Business

Unilever raises prices as bosses say cost inflation here to stay

The multinational reported underlying sales growth of 2.5% and turnover of €13.5 billion for the third quarter, reflecting a 4.1% rise in prices and a 1.5% fall in volumes.

The growth was ahead of expectations and boosted by strong sales in the US, China and India, although curtailed by lockdowns in key south east Asian markets.

The FTSE 100 firm told investors cost inflation is at “strongly elevated levels”, which CEO Alan Jope said he expects to continue into next year alongside supply chain disruption. Staffing shortages are seeing logistics costs rise particularly in the UK and US markets, he said.

Finance chief Graeme Pikethly said in July the company was seeing inflation increasing at the fastest pace for a decade, with prices for palm oil alone up 70%.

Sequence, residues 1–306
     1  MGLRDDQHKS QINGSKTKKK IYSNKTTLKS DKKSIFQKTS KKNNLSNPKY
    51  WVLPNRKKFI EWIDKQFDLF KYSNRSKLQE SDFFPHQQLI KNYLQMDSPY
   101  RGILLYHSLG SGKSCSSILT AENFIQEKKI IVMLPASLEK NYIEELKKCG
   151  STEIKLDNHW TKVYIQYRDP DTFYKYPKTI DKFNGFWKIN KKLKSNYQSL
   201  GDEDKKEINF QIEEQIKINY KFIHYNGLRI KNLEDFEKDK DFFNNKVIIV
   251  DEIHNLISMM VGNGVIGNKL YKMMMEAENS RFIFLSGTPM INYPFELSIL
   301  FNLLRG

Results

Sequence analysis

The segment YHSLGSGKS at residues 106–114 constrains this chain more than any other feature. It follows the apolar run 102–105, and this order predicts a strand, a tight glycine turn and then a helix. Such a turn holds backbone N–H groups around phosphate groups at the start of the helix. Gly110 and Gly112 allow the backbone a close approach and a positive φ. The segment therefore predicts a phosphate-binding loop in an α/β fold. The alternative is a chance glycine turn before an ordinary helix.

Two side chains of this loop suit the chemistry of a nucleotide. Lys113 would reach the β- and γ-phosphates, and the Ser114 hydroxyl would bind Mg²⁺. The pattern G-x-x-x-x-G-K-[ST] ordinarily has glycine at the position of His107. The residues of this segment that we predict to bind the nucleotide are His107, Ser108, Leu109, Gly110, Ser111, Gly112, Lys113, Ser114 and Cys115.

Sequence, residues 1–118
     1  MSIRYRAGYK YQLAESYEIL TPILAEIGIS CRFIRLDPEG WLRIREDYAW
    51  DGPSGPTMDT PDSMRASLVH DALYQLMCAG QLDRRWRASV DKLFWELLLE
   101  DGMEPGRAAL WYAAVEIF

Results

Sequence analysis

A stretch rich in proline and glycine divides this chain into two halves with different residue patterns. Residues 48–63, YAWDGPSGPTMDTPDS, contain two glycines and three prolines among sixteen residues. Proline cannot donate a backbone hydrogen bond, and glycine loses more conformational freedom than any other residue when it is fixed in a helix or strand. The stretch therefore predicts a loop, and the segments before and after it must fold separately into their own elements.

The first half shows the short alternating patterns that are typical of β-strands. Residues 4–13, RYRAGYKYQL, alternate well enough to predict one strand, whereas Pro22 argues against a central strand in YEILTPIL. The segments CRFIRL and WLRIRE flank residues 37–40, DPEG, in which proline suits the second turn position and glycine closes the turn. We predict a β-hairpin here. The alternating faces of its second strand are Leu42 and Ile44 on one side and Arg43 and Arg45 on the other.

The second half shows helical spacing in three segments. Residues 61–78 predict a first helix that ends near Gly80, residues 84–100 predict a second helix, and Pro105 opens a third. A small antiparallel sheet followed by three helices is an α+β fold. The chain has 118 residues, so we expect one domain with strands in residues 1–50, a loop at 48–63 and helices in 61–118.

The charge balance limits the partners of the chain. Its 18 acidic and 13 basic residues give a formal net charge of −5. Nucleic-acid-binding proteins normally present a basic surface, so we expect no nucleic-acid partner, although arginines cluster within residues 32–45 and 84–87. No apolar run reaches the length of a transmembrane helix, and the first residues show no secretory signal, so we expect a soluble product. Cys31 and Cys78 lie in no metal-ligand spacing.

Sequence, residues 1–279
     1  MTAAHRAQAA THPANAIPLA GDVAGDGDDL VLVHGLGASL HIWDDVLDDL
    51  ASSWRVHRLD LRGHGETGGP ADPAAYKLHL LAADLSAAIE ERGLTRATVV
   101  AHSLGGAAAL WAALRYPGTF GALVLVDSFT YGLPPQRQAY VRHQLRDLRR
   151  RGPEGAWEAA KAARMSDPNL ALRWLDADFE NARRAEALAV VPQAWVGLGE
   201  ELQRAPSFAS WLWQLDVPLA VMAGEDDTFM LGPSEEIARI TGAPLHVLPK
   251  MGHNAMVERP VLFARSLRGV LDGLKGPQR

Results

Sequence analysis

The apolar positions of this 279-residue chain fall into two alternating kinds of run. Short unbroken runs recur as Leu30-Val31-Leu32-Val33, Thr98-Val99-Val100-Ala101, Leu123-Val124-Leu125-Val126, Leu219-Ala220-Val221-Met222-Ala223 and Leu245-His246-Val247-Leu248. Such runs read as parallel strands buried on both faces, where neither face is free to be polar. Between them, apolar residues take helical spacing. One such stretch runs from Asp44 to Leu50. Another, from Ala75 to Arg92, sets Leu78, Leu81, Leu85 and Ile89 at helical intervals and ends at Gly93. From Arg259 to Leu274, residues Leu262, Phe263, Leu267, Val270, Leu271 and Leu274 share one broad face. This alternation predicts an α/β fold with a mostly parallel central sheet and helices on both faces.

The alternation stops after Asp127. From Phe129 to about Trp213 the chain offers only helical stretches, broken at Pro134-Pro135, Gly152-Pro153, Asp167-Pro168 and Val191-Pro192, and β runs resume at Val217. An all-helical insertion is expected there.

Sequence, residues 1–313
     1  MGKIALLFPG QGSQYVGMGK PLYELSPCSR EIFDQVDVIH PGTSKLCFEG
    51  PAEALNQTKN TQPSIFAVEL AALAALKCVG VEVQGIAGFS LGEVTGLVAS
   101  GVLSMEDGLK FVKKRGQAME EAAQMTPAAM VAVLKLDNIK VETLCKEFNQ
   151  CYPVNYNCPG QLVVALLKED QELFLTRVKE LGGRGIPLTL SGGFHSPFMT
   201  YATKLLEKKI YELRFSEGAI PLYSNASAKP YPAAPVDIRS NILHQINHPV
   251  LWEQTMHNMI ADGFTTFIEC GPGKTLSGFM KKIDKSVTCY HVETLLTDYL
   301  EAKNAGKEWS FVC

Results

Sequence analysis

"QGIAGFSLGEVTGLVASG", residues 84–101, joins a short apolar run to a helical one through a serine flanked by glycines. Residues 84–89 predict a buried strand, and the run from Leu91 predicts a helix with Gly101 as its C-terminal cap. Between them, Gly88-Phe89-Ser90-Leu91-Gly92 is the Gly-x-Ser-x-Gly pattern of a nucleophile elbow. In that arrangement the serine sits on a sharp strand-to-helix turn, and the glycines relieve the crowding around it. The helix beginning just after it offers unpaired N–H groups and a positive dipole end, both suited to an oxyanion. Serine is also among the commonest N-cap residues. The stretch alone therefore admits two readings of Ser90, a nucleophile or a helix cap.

The cost inflation put pressure on profit margins and the company has passed on some of the pain to consumers. Price hikes are “more modest” in regions such as Europe, the company said.

It comes as rivals such as Nestle also push up prices to deal with the situation. Nestle raised by 2.1% in the third quarter.

Jope has been under pressure to boost Unilever’s share price, which has fallen by nearly 20% over the past year.

The company is pursuing a €3 billion share buyback program and exploring a potential listing or sale of its tea business, Ekaterra, which formally separated operations this month. Jope said today the group expects to deliver its around flat margin guidance for the year.

He said: “The global operating environment that remains very volatile but one where Unilever’s resilience and agility is serving us well.”

Jefferies analyst, Martin Deboo, said: “Relative to low expectations, this feels like a ‘good enough’ quarter to us, with decisive progress on pricing a positive… But the underlying challenge remains the one of accelerating volume growth.”

Freetrade’s senior analyst, Dan Lane, warned: “The prices of raw materials, packaging and distribution are soaring and there’s only so much of that extra cost it can add to a tub of Marmite before consumers skip the spread altogether.”

Shares rose by around 2.4%, or 92p, on Thursday morning on the update.

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